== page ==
What is shingles and how common is it?
Shingles is an infection of a nerve and the area of skin supplied by the nerve. It is caused by a virus called the varicella-zoster virus. It is the same virus that causes chickenpox. Anyone who has had chickenpox in the past may develop shingles. Shingles is sometimes called herpes zoster. (Note: this is very different to genital herpes which is caused by a different virus called herpes simplex.)
About 1 in 4 people have shingles at some time in their lives. It can occur at any age but it is most common in people over the age of 50 years. After the age of 50, it becomes increasingly more common as you get older. It is uncommon to have shingles more than once but some people do have it more than once.
How does shingles occur?
Most people have chickenpox at some stage (usually as a child). The virus does not completely go after you have chickenpox. Some virus particles remain inactive in the nerve roots next to your spinal cord. They do no harm there and cause no symptoms. For reasons that are not clear, the virus may begin to multiply again (reactivate). This is often years later. The reactivated virus travels along the nerve to the skin to cause shingles.
In most cases, an episode of shingles occurs for no apparent reason. Sometimes a period of stress or illness seems to trigger it. A slight ageing of the immune system may account for it being more common in older people. (The immune system keeps the virus inactive and prevents it from multiplying. A slight weakening of the immune system in older people may account for the virus reactivating and multiplying to cause shingles.)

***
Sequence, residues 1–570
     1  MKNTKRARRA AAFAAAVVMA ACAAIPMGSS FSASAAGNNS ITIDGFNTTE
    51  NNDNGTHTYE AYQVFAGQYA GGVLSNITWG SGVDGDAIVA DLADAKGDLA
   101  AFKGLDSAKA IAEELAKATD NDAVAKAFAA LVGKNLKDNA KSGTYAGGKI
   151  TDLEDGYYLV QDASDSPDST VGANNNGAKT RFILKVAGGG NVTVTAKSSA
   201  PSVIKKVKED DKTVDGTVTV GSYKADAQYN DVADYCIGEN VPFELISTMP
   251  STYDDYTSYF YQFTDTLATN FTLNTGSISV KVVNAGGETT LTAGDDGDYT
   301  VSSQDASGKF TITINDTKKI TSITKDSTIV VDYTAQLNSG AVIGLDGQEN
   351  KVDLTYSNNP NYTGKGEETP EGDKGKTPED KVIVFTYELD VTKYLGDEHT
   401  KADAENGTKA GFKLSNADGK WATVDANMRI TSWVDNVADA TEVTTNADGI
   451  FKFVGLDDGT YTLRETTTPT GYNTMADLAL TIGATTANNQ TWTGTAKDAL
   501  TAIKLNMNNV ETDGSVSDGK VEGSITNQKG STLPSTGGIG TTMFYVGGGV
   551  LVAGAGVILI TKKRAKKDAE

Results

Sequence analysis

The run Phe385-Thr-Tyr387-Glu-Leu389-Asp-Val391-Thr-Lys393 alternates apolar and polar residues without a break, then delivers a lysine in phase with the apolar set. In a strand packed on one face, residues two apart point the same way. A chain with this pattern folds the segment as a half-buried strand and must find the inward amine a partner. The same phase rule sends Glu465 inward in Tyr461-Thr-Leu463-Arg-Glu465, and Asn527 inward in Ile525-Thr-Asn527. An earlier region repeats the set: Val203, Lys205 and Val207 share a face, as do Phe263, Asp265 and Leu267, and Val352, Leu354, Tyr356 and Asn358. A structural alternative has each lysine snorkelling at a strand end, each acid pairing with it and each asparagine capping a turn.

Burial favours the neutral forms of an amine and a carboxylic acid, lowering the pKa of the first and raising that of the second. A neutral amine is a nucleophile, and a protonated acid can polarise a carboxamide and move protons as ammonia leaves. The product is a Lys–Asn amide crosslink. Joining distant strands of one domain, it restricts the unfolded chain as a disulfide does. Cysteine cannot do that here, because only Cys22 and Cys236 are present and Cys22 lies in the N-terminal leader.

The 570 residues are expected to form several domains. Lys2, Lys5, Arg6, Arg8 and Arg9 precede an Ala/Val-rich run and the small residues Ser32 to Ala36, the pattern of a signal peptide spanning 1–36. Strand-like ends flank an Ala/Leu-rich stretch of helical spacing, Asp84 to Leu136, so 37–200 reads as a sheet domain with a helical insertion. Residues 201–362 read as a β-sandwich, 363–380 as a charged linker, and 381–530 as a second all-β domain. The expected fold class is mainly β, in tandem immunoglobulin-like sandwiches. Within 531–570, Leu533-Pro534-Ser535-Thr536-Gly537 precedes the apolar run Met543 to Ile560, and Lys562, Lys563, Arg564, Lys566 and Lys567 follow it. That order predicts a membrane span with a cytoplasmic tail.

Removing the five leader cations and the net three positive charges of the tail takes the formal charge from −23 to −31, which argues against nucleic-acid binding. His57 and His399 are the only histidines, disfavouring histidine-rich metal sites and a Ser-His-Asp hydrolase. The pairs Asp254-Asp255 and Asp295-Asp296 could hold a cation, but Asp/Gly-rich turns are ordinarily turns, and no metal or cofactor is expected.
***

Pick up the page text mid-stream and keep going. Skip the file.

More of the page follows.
Shingles is also more common in people with a poor immune system (immunosuppression). For example, shingles commonly occurs in younger people who have HIV/AIDS or whose immune system is suppressed with treatment such as steroids or chemotherapy.
Further reading and references
Immunisation against infectious disease - the Green Book (latest edition); Public Health England
Gagliardi AM, Andriolo BN, Torloni MR, et al; Vaccines for preventing herpes zoster in older adults. Cochrane Database Syst Rev. 2016 Mar 33:CD008858. doi: 10.1002/14651858.CD008858.pub3.
Who is eligible for the shingles vaccine beyond 2016; Public Health England
Cohen JI; Clinical practice: Herpes zoster. N Engl J Med. 2013 Jul 18369(3):255-63. doi: 10.1056/NEJMcp1302674.
Hi There, Before I start I will say I have seen the extensive discussions about reoccuring shingles on this site - and have read them (many times). I am a 36 year old female, otherwise healthy apart...lucyandyoshi
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